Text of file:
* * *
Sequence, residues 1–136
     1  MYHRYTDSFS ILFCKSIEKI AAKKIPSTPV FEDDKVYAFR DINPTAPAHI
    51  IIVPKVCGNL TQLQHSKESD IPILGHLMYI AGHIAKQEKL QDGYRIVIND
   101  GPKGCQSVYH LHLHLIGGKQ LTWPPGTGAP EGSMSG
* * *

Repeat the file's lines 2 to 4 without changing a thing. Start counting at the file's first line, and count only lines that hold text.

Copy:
     1  MYHRYTDSFS ILFCKSIEKI AAKKIPSTPV FEDDKVYAFR DINPTAPAHI
    51  IIVPKVCGNL TQLQHSKESD IPILGHLMYI AGHIAKQEKL QDGYRIVIND
   101  GPKGCQSVYH LHLHLIGGKQ LTWPPGTGAP EGSMSG